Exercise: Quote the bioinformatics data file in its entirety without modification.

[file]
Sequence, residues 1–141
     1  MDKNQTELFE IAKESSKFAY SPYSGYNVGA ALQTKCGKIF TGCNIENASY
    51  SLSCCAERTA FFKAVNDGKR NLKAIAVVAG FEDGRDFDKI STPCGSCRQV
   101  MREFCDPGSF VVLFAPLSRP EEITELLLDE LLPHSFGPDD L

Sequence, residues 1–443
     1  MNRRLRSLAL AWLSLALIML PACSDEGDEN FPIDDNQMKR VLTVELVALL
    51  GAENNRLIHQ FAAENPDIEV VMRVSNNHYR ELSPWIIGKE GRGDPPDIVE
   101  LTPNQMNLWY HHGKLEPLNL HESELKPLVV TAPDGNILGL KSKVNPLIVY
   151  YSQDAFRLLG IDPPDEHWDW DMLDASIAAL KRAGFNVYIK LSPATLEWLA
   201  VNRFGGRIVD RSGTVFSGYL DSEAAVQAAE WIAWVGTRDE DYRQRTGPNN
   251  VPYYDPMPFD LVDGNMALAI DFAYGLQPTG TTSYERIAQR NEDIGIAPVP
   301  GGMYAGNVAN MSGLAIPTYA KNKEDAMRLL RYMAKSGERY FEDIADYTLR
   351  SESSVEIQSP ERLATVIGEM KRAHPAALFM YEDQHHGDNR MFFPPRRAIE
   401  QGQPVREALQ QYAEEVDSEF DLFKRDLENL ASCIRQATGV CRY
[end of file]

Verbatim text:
Sequence, residues 1–141
     1  MDKNQTELFE IAKESSKFAY SPYSGYNVGA ALQTKCGKIF TGCNIENASY
    51  SLSCCAERTA FFKAVNDGKR NLKAIAVVAG FEDGRDFDKI STPCGSCRQV
   101  MREFCDPGSF VVLFAPLSRP EEITELLLDE LLPHSFGPDD L

Sequence, residues 1–443
     1  MNRRLRSLAL AWLSLALIML PACSDEGDEN FPIDDNQMKR VLTVELVALL
    51  GAENNRLIHQ FAAENPDIEV VMRVSNNHYR ELSPWIIGKE GRGDPPDIVE
   101  LTPNQMNLWY HHGKLEPLNL HESELKPLVV TAPDGNILGL KSKVNPLIVY
   151  YSQDAFRLLG IDPPDEHWDW DMLDASIAAL KRAGFNVYIK LSPATLEWLA
   201  VNRFGGRIVD RSGTVFSGYL DSEAAVQAAE WIAWVGTRDE DYRQRTGPNN
   251  VPYYDPMPFD LVDGNMALAI DFAYGLQPTG TTSYERIAQR NEDIGIAPVP
   301  GGMYAGNVAN MSGLAIPTYA KNKEDAMRLL RYMAKSGERY FEDIADYTLR
   351  SESSVEIQSP ERLATVIGEM KRAHPAALFM YEDQHHGDNR MFFPPRRAIE
   401  QGQPVREALQ QYAEEVDSEF DLFKRDLENL ASCIRQATGV CRY